Israel buying gas masks from companies that worked with the Nazis
The Defense Ministry, Israel Police, Israel Prison Service and the Firefighting Commission have all for years been using HazMat gear manufactured by two German companies that also provided gas masks to Nazi soldiers operating the gas chambers at Auschwitz.
Since the 1967 Six-Day War, Israel has been acquiring gas masks and filters from two German companies, which, it now transpires, also provided the Nazis with the masks used to protect themselves at the gas chambers in Auschwitz.
The companies are Dräger, a family-owned company from Lübeck, and another formerly known as Auer, which was acquired in 1958 by the American company MSA, but its Berlin factory remains active.
These companies have been selling gas masks and filters to the Israeli market for years and are exempt from having to participate in a tender.
Among their clients are the Defense Ministry, the Firefighting and Rescue Commission, Israel Railways, the Israel Police and the Israel Prison Service.
The companies' involvement with the Nazi regime was revealed in a study by the Yad Vashem Holocaust Museum in Jerusalem, which is based on a book by French scholar Jean-Claude Pressac, who researched the gas chambers in Auschwitz. The book describes in great detail how the SS soldiers operated the gas chambers and what substances and equipment they used.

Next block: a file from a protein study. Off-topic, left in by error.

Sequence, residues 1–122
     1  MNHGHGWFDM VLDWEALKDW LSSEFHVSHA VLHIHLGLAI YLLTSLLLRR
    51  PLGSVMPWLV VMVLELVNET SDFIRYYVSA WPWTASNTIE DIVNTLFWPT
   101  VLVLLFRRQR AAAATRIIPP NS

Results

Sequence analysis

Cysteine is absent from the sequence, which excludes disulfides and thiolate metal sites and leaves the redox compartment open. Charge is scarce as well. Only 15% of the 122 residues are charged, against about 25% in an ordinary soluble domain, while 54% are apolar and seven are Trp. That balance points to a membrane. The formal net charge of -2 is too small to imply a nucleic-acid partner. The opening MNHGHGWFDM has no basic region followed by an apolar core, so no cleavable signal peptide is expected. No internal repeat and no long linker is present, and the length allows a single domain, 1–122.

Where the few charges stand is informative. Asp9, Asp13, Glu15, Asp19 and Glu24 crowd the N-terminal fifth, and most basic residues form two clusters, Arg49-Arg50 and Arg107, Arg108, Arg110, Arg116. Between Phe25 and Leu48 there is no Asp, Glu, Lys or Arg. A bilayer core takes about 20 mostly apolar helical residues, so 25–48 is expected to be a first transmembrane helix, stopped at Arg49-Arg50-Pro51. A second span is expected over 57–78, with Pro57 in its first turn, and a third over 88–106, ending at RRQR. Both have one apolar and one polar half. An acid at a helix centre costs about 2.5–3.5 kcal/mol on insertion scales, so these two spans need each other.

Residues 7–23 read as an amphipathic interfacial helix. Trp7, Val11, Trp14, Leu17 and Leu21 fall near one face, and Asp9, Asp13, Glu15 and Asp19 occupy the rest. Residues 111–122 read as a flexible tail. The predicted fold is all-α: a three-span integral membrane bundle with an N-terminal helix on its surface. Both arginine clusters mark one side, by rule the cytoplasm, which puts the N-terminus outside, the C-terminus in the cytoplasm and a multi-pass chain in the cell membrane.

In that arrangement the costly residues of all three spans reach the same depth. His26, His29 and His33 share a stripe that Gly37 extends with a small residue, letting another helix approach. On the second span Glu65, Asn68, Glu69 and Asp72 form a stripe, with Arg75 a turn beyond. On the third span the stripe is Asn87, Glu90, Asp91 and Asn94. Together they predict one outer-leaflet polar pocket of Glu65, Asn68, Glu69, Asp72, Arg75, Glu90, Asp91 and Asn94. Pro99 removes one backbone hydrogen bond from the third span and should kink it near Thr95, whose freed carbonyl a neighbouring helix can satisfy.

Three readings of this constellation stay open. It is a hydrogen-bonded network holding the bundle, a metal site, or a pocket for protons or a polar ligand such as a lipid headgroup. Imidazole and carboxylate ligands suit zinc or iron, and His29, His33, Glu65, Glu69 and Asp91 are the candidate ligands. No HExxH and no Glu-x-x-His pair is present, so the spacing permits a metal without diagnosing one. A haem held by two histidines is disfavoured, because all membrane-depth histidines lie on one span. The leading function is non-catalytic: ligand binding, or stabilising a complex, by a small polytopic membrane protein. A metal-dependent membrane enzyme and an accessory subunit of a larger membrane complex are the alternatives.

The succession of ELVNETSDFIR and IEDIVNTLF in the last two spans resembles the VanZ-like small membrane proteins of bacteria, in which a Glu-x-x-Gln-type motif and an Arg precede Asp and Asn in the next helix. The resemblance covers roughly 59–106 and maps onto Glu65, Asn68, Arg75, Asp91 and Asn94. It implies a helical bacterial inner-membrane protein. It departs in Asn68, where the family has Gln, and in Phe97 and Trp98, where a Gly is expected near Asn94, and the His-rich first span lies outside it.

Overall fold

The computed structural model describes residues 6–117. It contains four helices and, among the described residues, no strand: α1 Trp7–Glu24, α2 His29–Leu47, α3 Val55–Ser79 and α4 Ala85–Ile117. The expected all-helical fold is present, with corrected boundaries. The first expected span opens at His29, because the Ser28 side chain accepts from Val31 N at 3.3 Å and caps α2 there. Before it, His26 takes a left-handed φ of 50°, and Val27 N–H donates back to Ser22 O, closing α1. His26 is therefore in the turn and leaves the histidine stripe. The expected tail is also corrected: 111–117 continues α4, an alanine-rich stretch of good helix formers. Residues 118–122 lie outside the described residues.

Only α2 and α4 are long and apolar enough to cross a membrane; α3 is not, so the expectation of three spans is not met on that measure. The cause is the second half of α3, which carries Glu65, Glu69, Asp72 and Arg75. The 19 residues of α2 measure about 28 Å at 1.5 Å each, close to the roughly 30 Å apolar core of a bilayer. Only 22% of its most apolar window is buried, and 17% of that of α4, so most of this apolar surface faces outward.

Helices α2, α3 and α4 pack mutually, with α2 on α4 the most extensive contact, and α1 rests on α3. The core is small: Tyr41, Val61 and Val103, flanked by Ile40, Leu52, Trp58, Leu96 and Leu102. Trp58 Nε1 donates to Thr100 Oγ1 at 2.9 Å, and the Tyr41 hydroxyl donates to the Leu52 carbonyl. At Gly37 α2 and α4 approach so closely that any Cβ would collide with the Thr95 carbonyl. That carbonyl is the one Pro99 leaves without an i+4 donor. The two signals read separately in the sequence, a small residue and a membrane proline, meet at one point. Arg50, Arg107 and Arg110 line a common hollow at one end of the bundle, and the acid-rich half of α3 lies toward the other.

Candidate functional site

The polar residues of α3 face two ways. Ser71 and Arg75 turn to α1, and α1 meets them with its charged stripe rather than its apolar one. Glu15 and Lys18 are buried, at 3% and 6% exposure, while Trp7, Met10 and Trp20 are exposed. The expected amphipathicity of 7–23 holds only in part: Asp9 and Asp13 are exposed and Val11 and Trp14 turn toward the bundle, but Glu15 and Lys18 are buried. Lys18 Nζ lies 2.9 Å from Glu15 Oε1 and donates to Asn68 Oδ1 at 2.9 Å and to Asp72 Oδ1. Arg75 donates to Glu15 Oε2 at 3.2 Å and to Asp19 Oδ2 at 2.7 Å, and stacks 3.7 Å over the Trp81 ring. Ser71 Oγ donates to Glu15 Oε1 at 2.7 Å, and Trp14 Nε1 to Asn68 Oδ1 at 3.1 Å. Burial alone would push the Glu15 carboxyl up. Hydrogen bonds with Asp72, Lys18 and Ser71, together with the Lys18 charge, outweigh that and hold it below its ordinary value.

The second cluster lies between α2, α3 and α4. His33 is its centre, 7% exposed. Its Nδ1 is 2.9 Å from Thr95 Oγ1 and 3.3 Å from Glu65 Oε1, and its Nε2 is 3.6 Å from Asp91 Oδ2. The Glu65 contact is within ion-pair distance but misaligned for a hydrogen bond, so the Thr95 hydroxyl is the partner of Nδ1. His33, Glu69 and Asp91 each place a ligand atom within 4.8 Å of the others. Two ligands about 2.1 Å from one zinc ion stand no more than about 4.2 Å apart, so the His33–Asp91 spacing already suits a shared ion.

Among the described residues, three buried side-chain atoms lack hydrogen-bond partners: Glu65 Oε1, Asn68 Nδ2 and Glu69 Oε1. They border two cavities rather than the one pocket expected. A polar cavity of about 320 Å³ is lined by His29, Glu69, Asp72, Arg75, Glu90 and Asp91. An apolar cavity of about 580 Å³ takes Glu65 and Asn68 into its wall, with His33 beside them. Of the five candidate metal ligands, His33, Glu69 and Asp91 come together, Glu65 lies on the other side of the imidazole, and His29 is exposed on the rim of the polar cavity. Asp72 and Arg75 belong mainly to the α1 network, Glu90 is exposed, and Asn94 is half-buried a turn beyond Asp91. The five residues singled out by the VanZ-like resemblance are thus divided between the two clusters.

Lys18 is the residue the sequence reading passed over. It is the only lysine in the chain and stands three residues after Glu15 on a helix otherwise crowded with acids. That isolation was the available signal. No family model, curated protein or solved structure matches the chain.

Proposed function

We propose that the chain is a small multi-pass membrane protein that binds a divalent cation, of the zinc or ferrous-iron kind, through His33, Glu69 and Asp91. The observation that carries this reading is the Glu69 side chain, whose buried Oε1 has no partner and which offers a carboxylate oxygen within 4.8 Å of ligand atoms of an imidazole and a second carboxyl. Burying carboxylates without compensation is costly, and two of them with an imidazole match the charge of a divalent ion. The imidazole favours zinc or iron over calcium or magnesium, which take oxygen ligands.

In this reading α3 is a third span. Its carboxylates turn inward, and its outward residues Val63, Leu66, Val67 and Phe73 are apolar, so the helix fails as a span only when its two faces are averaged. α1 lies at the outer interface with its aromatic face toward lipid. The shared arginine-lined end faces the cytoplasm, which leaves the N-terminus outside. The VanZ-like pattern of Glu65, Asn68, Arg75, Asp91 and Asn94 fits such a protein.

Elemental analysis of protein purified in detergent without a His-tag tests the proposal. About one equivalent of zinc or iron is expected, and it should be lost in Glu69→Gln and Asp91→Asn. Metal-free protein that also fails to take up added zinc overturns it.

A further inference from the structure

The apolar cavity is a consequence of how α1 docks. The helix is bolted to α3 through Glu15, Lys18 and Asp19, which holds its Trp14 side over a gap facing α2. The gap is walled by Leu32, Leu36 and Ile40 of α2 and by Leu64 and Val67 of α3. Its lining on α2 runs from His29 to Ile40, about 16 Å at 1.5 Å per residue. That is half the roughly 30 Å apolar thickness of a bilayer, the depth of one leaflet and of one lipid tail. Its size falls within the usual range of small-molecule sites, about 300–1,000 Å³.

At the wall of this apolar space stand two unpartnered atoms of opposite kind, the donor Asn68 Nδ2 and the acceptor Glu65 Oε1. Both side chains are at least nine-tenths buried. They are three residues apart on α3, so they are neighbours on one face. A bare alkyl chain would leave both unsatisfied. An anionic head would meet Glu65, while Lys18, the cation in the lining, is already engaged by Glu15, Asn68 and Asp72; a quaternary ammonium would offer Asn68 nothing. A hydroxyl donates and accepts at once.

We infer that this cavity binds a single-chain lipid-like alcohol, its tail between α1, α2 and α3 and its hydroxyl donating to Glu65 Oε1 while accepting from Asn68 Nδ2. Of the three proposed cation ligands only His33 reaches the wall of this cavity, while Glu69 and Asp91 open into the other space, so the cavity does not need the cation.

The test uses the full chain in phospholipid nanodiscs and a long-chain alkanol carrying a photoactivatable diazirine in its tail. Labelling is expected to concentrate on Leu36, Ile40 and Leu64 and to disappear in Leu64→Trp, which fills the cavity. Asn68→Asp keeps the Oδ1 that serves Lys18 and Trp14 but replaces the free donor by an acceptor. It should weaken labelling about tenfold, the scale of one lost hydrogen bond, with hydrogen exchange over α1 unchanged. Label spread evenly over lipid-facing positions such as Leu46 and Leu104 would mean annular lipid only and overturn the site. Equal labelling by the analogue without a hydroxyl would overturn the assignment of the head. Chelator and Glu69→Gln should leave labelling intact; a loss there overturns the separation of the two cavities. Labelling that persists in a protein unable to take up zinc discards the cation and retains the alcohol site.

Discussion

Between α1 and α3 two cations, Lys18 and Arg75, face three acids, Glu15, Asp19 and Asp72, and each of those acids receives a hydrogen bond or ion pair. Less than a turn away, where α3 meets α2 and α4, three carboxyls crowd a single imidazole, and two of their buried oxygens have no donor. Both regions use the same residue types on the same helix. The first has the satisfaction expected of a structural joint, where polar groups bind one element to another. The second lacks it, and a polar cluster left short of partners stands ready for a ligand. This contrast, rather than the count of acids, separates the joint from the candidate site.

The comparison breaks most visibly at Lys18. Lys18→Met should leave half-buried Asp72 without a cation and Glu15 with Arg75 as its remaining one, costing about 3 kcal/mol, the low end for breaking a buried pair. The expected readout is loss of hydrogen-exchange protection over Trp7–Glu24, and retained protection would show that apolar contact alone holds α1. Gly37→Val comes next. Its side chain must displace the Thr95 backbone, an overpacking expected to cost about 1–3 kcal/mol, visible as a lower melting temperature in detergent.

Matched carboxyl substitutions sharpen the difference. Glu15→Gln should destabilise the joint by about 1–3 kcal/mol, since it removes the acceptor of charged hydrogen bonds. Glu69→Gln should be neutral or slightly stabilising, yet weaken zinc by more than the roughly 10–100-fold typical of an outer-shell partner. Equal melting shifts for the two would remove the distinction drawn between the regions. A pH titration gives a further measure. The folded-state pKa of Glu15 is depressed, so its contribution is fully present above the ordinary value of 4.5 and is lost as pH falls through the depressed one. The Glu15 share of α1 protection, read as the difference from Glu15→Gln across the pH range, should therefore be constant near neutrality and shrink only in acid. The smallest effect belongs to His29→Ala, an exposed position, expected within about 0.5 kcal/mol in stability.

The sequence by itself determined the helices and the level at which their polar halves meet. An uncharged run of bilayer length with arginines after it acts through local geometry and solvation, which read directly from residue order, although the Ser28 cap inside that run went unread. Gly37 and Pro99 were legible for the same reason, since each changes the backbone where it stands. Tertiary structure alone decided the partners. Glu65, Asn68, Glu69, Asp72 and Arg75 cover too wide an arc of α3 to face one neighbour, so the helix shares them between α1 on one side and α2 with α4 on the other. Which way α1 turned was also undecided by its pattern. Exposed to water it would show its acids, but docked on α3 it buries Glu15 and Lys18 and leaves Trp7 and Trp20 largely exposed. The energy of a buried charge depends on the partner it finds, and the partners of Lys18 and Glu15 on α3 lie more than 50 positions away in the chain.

According to Pressac, every Nazi soldier who was involved in the extermination of the Jews was equipped with a gas mask. The Nazi army used type GM 38 masks manufactured by Dräger, while the filter for the mask was manufactured at the Auergesellschaft (Auer) factory in Berlin.
The GM 38 masks were used by the Nazi army starting in 1938 to protect the soldiers from chemicals on the battlefield. The masks were produced in different colors—for example, sand-colored for the troops stationed in Africa—and were very advanced for the time, as they were also equipped with microphones. Some of the masks were also used by Nazi pilots.
The mask's J type filter was used to protect the Nazi soldiers from Zyklon-B, the gas used for the extermination of the Jews.